Chick Fight

I’ll be frank: Chick Fight is a disappointment.  With a cast that boasts big names like Alec Baldwin, Fortune Feimster, and Bella Thorne, I expected more from this female-lead action-comedy.

Written by Joseph Downey and directed by Paul Leyden (Come Back to Me), Chick Fight’s premise is just as promising at its cast.  Malin Ackerman (Watchmen, 27 Dresses, and recently Dinner with Friends) plays Anna, a woman who can’t seem to get her life together until she is introduced to an underground fight club for women in need of somewhere to vent their anger and frustration.

One of the central problems is that the stakes just aren’t high enough.  Yes, we see that Anna’s life is shitty – but we aren’t given any real reason to root for her or believe in her.  Similarly, while Bella Thorne is fun as Anna’s tough-as-nails rival Olivia, she doesn’t pose any real threat beyond her physical fighting skills.  In fact, their exchanges are so even and pleasant that we can easily and immediately see the potential for a friendship to blossom between them.  No clear reason is given for them to hate each other, and therefore Anna’s bitter determination to beat Olivia rings rather hollow.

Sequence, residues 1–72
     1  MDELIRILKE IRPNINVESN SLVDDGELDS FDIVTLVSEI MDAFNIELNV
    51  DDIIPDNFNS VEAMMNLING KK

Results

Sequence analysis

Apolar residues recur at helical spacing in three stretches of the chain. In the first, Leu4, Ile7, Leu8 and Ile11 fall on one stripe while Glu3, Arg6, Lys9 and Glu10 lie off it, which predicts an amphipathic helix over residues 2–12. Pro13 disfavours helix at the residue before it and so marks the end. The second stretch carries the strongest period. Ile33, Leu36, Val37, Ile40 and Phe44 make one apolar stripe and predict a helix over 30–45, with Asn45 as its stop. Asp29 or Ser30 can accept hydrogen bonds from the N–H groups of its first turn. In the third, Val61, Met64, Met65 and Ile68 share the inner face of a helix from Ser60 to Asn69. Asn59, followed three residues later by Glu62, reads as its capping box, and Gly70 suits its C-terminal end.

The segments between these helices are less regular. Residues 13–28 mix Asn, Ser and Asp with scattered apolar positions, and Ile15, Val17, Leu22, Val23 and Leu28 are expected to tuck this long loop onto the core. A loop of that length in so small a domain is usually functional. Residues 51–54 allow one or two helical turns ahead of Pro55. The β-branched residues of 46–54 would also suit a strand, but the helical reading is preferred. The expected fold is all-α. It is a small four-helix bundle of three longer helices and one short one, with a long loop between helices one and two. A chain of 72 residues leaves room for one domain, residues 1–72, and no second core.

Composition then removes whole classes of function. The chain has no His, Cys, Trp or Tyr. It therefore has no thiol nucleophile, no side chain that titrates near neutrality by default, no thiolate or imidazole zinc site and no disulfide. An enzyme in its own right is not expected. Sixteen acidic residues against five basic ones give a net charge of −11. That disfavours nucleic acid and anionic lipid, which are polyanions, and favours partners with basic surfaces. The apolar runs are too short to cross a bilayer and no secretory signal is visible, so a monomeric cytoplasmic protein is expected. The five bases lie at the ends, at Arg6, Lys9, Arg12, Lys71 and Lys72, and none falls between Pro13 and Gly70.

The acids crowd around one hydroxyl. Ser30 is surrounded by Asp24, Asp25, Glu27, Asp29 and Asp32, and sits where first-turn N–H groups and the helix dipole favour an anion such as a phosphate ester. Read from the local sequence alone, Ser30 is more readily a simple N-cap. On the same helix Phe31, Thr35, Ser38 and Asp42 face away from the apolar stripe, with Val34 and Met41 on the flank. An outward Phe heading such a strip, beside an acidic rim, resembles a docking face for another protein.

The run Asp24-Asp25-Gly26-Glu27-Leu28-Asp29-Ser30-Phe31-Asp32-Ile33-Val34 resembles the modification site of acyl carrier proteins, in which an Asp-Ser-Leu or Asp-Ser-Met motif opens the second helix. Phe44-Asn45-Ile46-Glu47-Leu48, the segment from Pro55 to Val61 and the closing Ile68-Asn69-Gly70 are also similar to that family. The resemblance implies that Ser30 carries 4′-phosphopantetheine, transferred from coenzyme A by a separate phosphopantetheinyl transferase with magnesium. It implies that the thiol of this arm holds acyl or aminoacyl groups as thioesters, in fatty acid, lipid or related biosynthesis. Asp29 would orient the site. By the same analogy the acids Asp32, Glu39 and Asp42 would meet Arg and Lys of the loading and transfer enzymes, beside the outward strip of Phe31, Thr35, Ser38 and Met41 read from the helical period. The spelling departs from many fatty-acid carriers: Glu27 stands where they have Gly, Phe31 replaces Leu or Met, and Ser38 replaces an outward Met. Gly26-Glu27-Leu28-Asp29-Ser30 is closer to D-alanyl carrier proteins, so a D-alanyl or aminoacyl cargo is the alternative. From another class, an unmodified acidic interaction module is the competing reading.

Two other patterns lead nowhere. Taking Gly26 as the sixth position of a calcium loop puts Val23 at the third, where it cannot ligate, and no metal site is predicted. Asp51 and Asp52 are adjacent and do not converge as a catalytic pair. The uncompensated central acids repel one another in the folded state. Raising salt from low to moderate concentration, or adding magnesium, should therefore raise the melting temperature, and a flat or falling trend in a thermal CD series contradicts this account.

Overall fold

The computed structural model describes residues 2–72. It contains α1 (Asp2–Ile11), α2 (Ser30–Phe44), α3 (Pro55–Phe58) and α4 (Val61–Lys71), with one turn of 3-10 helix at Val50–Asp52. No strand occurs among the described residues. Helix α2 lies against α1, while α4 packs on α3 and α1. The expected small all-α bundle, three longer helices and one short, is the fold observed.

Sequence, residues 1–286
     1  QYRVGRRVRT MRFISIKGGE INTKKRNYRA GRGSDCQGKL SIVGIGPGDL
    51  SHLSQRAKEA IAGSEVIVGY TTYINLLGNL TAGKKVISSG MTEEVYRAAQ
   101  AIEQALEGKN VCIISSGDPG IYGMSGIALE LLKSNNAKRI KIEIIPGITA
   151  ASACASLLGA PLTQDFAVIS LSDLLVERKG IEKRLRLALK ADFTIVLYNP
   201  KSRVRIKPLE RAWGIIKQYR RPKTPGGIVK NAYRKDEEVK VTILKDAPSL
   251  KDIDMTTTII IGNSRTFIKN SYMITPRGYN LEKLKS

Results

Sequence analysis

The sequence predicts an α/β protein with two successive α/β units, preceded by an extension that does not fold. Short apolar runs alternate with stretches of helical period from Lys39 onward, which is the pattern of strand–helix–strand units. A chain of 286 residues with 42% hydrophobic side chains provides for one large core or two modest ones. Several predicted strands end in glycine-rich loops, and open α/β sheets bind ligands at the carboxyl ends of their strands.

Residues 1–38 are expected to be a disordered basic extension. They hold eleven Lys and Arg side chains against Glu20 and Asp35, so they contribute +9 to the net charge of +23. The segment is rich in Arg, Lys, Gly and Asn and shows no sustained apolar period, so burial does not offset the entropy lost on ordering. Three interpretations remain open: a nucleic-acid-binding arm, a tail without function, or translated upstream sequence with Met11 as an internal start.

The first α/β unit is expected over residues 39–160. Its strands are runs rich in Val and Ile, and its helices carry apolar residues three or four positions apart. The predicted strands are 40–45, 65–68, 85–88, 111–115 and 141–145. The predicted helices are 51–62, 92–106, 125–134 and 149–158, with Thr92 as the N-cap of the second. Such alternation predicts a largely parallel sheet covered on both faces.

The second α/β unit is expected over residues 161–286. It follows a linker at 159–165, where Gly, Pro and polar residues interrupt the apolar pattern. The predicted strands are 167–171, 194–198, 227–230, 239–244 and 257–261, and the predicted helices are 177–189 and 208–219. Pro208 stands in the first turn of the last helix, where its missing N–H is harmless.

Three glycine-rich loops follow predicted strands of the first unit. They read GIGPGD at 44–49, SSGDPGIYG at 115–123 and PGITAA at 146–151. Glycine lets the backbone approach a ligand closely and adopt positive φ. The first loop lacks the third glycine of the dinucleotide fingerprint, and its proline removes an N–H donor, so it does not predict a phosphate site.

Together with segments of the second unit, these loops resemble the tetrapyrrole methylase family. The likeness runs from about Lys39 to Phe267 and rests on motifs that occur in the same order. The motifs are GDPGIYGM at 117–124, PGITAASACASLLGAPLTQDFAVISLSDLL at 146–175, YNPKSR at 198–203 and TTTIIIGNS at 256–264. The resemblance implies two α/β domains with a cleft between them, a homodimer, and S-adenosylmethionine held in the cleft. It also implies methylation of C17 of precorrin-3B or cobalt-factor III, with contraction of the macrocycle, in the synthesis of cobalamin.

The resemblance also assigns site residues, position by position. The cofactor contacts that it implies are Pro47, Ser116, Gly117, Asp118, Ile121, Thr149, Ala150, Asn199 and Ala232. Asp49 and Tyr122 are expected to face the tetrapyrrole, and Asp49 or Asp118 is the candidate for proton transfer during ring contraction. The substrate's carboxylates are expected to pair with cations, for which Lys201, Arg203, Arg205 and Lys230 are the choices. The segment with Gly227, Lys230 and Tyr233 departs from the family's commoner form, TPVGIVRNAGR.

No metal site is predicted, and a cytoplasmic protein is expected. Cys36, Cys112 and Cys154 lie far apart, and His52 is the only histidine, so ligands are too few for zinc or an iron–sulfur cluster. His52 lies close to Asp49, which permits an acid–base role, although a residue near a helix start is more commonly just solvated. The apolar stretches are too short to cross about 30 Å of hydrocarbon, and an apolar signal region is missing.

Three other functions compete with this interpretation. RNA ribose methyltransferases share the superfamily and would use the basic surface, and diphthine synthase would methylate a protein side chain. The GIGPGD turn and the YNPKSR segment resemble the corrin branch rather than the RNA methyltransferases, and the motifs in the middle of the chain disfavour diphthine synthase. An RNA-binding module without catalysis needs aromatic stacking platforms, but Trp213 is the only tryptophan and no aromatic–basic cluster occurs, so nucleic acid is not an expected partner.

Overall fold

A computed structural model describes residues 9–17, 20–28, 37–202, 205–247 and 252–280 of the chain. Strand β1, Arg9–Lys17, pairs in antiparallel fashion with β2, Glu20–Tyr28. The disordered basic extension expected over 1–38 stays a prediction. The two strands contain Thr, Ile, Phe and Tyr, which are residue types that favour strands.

Chick Fight also lacks the substance and thought necessary to support its superficial feminism.  Downey’s script has all of the nuance and subtlety of a car crash, attempting to practically beat the audience over the head with conflict and spell out character development with exposition.

If you strip everything away, Chick Fight follows the same formula as most sports/action movies written by men, for men, and about men.  The same pacing.  The same cliches.  The same forced romantic subplot.  Changing the gender and/or race of the characters does not automatically make a film subversive.  While Chick Fight is self-aware enough to acknowledge its cinematic forefathers with a few overt nods to Rocky and The Karate Kid, it doesn’t grapple with what it really means to tell this kind of story.

In theory, it is refreshing to see a film with more than one queer character (and not all of them white!).  Unfortunately, Chick Fight’s diversity feels just as flimsy and superficial as its feminism.  This is clearly a movie written by someone who has not experienced any of the things that they are writing about.  Not only is the dialogue awkward and obvious, but every single character is a two-dimensional stereotype.

For a film that features characters from varied backgrounds and walks of life, the protagonist is still a straight, white, cis-woman.  The “diversity” in Chick Fight is just window-dressing for a narrative that positions whiteness and heteronormativity at the centre.  The other characters, those who are queer and/or non-white, are not given the opportunity to grow, change, or develop.  Instead, they exist solely to help Anna on her journey of self-discovery.

Overall, its protagonist may manage to get her shit together, but Chick Fight never manages to be anything more than a weak, vapid mess.


Do You Tweet? Follow These Tweeple:

Shannon Page: @ShannonEvePage

Be the first to comment

Leave a comment

Your email address will not be published.